The United States has put energy policy on the backburner during the Great Recession.
With unrest boiling over in Egypt, legendary financier and oil man T. Boone Pickens is pointing out just how shortsighted that it is.
Pickens offers a fresh and chilling take on the historic protests sweeping across the Arab world. He has long argued against U.S. dependence on Middle East oil.
In interviews this week, and on his Pickens Plan website, he is pointing out that instability in this region threatens the American oil supply.
“You’re seeing a dry run of sorts with unrest in countries like Tunisia and Egypt that are not big on the oil market,” Pickens said in an interview with Politico’s Darren Goode.
“And you better watch close because the next one may be Algeria or Libya or God forbid Saudi Arabia. And if that happens, you’re really going to have a mess on your hands.”
Saudi Arabia was America’s third largest source for imported crude oil in 2010, according to the U.S. Energy Information Administration. Canada and Mexico were the top two.
Other countries rounding out the top 10 are Venezuela, Nigeria, Colombia, Algeria, Iraq, Angola and Ecuador.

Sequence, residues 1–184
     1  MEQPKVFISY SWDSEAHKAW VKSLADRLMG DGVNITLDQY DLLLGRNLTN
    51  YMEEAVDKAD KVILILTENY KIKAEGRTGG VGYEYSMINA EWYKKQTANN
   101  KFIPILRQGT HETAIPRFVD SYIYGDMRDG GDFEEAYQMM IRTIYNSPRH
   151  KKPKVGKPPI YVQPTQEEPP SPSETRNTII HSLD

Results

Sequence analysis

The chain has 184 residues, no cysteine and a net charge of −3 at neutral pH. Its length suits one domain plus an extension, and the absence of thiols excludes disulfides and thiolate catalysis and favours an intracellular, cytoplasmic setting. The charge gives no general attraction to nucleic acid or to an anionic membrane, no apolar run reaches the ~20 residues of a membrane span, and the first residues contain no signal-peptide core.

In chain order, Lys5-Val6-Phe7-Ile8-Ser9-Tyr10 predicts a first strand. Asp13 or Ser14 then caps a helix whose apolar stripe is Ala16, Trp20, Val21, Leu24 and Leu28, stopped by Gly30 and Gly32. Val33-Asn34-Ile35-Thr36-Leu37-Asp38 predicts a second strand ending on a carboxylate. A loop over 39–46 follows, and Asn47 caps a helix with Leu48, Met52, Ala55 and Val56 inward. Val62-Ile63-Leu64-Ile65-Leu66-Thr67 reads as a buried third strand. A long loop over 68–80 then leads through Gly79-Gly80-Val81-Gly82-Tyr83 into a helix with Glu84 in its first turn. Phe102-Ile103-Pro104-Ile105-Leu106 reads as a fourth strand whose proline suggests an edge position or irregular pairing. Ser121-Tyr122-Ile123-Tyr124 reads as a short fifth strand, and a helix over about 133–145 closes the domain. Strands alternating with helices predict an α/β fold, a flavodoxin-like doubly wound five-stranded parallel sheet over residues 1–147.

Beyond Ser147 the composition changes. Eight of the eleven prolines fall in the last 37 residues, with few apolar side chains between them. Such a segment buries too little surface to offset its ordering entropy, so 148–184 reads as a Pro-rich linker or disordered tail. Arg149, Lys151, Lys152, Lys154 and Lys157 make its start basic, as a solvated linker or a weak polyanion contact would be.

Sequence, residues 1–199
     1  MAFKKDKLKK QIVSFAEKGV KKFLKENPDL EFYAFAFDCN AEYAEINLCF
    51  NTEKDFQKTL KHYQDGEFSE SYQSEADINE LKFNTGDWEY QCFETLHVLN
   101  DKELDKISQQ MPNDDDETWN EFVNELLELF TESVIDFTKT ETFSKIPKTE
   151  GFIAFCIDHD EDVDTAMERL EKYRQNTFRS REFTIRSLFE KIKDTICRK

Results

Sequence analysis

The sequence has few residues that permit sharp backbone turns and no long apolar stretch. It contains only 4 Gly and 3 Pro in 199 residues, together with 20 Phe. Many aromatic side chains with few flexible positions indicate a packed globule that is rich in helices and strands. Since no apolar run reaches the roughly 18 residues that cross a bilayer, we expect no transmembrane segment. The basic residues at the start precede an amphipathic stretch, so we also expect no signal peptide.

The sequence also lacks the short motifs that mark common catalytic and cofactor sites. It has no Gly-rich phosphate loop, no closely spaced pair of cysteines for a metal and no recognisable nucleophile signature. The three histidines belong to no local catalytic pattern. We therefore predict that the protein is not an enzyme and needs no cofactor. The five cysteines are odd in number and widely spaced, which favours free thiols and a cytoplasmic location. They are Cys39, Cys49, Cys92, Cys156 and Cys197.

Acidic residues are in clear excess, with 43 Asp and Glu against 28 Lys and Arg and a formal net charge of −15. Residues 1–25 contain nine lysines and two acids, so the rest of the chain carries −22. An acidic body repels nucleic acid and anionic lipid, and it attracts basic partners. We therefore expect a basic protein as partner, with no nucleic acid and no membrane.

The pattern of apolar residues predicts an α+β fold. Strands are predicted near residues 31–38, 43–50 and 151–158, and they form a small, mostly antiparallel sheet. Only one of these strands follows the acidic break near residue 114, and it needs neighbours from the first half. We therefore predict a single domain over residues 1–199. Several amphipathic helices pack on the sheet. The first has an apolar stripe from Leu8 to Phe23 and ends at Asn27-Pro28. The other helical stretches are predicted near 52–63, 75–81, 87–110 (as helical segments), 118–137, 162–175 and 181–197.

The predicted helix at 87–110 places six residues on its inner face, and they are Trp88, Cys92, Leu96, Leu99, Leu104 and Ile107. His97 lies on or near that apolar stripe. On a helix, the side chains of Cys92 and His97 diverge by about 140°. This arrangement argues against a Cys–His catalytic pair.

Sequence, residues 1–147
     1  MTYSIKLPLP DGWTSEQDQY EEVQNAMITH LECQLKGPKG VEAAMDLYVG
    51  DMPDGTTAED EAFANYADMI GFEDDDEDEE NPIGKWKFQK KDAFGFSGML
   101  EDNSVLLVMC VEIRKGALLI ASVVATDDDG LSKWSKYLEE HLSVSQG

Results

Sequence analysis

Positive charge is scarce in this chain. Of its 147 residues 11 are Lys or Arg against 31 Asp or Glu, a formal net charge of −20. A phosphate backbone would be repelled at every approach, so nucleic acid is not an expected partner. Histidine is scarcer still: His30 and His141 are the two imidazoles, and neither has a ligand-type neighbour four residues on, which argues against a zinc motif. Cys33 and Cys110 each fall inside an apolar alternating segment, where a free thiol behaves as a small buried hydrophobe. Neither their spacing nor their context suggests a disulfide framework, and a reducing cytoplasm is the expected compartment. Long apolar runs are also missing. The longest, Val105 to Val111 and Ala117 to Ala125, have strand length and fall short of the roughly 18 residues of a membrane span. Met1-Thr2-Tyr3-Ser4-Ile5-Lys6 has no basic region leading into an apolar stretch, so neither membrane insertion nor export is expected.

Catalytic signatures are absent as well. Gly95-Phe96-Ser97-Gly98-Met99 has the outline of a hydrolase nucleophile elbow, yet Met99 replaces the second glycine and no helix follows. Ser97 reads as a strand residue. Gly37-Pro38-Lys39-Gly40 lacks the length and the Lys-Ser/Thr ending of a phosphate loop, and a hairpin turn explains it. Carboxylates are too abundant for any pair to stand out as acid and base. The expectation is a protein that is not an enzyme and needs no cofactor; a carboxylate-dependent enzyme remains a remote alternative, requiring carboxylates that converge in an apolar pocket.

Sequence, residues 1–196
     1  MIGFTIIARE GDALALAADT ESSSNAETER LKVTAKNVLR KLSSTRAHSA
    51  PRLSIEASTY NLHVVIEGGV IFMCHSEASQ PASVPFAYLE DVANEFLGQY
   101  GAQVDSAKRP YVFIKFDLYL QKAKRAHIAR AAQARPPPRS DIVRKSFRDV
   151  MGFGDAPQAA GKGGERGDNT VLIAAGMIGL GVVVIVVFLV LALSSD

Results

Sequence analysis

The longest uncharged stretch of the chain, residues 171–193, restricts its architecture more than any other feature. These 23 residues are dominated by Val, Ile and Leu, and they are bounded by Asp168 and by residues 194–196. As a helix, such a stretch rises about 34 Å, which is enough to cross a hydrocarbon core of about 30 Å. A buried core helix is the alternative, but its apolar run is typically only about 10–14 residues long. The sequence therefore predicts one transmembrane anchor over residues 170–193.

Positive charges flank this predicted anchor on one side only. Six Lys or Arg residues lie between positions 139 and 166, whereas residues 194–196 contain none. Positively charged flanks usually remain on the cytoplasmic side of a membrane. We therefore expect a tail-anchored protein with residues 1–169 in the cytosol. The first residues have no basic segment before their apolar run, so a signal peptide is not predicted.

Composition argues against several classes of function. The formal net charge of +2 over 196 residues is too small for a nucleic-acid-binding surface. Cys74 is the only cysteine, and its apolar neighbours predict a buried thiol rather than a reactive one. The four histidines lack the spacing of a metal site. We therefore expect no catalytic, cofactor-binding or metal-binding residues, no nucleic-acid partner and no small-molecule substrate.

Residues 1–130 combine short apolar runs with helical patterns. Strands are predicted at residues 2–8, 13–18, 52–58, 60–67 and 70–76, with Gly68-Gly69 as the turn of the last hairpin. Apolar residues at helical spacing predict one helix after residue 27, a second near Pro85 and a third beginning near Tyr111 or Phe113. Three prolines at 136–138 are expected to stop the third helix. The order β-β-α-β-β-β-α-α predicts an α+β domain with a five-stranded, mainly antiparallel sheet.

Pickens has a financial stake in all this. He has made massive investments in wind energy, so his Pickens Plan for cutting imported oil needs is self-serving.
The plan also calls for other alternatives to oil, such as solar, and transitioning commercial transport fuel from diesel to natural gas.
Pickens’ political credibility also got scuffed up by his high-profile support for the Swift Boat Vets and POWs, whose controversial attacks on former Democratic presidential candidate John Kerry made headlines in 2004.
Still, Pickens raises a fair point. Regime changes across the Arab world should bring energy policy back out where it belongs: front and center.
This is a timely opportunity to renew America’s commitment to energy security and push for this nation to pioneer the fuels of the future.
Jill Burcum is a Star Tribune editorial writer and editorial board member.
The Opinion section is produced by the Editorial Department to foster discussion about key issues. The Editorial Board represents the institutional voice of the Star Tribune and operates independently of the newsroom.